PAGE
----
LH: It’s the title of the first essay in the book. At twenty-one, I traveled through Europe alone, without any plans, just a big maroon backpack and a youth hostel handbook. There were no smart phones back then, and if you wanted to make a call, you had to go to a post office. When I got to Oslo, Norway, I was with a new friend and went with him to place a collect call to his parents. I had never done such a thing before, but I thought, why not call my parents, too? When the operator asked my mother if she would accept the charges, she said no. Fast forward to 2016. I was taking a financial literacy class for women. The instructor asked us to discuss our emotional relationship with money. That memory of the rejected collect call came to mind, and I found myself wondering, why did my mother do that? I couldn’t ask her. She died in an automobile accident four years after I made that Oslo call. I was traveling in Italy when I learned of her death. I got that news on the day of her funeral. That’s a lot to unpack, and this essay became an avenue for doing that.
JM: I’m struck by the length of time between the Oslo call and your writing about it.
LH: That was a buried memory, but once I unearthed it, I let the idea “mulch” in my mind. In this case, the years in between gave me the latitude to reflect on my mother, why she was the way she was about money, family, and motherhood.
JM: On the book’s cover, the title and subtitle float above a photograph of a young woman making a call at a pay telephone. She looks familiar!
LH: That’s me at nineteen, at a phone booth, taken by a good friend from college. We traveled up and down the California coast together. I imagined that photo on the cover as soon as I came up with the title for the book.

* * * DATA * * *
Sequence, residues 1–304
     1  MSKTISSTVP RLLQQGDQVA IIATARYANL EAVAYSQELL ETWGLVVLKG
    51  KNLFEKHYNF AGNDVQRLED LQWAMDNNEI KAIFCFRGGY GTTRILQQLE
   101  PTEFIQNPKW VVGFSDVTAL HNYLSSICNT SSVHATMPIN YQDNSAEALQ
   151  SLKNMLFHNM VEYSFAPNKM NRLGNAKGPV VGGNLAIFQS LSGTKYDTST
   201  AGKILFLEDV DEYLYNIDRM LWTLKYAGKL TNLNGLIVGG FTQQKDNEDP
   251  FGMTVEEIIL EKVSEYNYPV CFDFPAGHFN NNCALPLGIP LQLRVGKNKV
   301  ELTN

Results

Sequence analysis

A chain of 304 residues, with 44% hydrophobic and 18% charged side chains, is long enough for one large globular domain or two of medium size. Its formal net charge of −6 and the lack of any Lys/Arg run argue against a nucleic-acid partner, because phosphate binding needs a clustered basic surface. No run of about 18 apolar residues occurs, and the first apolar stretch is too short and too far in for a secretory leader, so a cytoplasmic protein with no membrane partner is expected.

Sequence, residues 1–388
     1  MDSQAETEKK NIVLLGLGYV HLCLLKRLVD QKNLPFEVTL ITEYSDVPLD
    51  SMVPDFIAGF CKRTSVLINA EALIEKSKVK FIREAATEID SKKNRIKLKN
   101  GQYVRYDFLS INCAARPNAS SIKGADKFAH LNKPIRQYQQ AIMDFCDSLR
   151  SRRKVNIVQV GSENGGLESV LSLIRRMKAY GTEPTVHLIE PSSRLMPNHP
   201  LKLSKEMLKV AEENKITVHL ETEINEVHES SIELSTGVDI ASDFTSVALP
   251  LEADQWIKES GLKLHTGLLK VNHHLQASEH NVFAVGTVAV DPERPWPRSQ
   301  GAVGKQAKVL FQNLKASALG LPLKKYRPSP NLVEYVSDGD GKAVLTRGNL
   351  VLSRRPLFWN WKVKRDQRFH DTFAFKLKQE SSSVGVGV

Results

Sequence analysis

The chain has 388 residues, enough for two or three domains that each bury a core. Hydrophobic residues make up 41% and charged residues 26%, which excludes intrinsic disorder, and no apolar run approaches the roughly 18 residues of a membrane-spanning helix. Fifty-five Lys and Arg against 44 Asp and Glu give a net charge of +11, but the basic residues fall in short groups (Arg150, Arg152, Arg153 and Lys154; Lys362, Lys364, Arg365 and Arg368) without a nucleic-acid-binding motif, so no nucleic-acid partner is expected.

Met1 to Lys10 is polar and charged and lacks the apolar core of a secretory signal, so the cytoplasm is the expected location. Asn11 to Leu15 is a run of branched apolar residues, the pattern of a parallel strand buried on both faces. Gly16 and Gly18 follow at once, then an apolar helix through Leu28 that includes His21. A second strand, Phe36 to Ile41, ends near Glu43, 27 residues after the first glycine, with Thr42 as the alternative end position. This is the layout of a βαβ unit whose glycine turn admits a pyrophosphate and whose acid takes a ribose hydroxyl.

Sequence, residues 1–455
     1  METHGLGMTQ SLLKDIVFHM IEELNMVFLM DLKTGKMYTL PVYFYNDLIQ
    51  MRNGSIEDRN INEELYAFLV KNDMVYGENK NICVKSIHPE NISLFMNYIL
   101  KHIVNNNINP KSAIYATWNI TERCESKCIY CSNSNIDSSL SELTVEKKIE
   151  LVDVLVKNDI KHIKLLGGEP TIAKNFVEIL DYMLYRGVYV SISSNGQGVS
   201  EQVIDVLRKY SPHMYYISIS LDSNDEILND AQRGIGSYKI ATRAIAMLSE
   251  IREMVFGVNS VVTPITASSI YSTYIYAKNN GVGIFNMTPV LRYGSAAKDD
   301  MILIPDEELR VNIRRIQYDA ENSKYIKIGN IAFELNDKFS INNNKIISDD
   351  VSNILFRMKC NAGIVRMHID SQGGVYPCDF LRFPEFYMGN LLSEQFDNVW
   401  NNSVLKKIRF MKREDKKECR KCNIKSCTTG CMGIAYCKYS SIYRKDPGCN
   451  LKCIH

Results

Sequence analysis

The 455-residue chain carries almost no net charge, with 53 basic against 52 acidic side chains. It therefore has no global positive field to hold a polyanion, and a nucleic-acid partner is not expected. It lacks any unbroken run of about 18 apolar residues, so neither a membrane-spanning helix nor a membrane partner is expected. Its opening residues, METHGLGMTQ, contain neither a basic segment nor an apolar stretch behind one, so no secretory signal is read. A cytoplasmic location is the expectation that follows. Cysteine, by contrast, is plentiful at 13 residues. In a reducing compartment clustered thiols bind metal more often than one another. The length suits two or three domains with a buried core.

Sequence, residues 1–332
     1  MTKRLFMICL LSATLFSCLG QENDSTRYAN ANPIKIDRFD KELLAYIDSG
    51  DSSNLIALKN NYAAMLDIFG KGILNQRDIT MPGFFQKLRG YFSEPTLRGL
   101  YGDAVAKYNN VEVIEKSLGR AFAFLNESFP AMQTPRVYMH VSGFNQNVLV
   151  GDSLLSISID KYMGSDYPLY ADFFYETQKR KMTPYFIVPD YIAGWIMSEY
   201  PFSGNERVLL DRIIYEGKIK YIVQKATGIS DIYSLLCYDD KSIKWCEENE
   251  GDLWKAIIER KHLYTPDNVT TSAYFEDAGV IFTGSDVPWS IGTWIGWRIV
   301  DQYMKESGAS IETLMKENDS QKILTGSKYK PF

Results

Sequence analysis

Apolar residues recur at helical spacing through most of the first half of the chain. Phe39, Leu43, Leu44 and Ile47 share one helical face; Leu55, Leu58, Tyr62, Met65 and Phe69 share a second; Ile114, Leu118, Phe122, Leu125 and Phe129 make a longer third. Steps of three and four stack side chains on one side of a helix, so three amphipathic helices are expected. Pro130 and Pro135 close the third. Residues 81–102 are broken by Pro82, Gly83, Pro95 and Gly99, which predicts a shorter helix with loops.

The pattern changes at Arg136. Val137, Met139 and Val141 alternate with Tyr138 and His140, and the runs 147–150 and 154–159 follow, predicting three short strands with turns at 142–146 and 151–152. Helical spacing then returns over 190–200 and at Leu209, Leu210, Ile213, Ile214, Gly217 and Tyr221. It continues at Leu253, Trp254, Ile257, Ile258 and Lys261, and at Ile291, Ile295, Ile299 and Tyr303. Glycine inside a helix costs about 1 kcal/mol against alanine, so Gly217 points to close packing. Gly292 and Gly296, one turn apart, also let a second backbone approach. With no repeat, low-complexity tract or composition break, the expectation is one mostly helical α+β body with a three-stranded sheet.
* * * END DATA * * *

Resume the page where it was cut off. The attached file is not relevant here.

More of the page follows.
JM: I was reminded recently that in every work of creative writing, the title should do some heavy lifting. This one certainly does. I’m assuming there’s similar work going on behind the title for your earlier collection, The Girls of Usually.
LH: When I lived in New York, I dated a woman from Mexico. While we were getting ready to go to a party, I asked if she knew who’d be there. She said, “Oh, you know. The girls of usually.” A quirky mistranslation that stuck with me. And representative of the collection.
JM: How has your writing evolved?
LH: Writing the essays in Collect Call to My Mother took me down some rocky emotional roads, yet I was willing to go there—roads that, on an emotional level, I wasn’t willing or ready to explore when I was younger. By the time I completed the manuscript, I started to understand the mother I never knew and found compassion for her. In that discovery, I also found compassion for myself.
At present, I’m exploring the idea of complicated friendships—what it takes to find friends, nurture friendships, and to keep them through hard times. As a child, I was shy, practically mute, and depended on my poodles for friendship. My father frequently badgered me: “What’s wrong with you? Why don’t you have any friends?” As soon as I left home, I found plenty of friends, but those questions still haunt me.
JM: Does this mean we can look forward to another essay collection?
LH: That’s my plan.